The Trouble With Saying “Not All White People…”

This is an excerpt of a post that appears on Medium .Click here to see the full story there.

As a white woman, I post a lot of things on social media directed specifically at other white people and how we contribute to racism. I’m not doing the woker-than-thou thing, putting myself above it all. I’ve been actively learning about systemic racism in earnest for only about a year, and I have infinitely more to learn. When I post an article or video about something white people need to stop doing, I very well may have done that exact thing in the past. Unfortunately, that includes having said #notallwhitepeople, if not in those exact words. I’ll explain that in a minute, but first, please watch the following 2-minute video about the problem with not-all-white-people sentiments, particularly in the context of what happened in Charlottesville two weeks ago.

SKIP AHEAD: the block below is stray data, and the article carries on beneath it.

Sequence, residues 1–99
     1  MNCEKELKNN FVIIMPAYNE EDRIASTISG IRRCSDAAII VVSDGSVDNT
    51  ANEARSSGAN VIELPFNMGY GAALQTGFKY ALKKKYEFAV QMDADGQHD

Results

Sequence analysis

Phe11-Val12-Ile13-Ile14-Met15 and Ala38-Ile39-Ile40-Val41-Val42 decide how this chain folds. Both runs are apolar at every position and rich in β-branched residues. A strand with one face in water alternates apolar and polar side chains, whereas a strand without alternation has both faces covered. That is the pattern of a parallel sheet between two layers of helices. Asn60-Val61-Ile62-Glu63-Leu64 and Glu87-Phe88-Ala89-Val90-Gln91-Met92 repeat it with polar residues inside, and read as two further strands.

Flashback to January, after the Women’s March in Washington, D.C. …

To keep reading, click here to see the story on Medium. 

© Copyright Camille Williams and Wake Up, Mama! 2017. 

4 thoughts on “The Trouble With Saying “Not All White People…”

      • Sorry for the delay answering! I guess to me it is more about empathic listening and not saying things that are invalidating, derailing, defending in a situation like that. And further, taking that perspective in and considering what it means for us as white women and mothers. For those of us who have been moved by last year’s election to resist, protest and get active, why not before? Where have we been when black women have needed us to speak out about the abysmally disproportionate maternal and infant mortality rates for black women and babies, or the fear mothers of black sons live with every day that they will get a call that their babies have been shot by the police, to name just two of the biggest issues. It’s a fair question—why was that not enough to move us in these kind of numbers before? So I guess a better way to respond would have been something like: “Yes, I hear you. We are so very, very late. It must really hurt. I’m sorry.” And then ask ourselves, what are we doing to examine how we benefit from being white in this culture, and what are we doing to learn more about these issues, and how will we actively contribute to the dismantling of racism?

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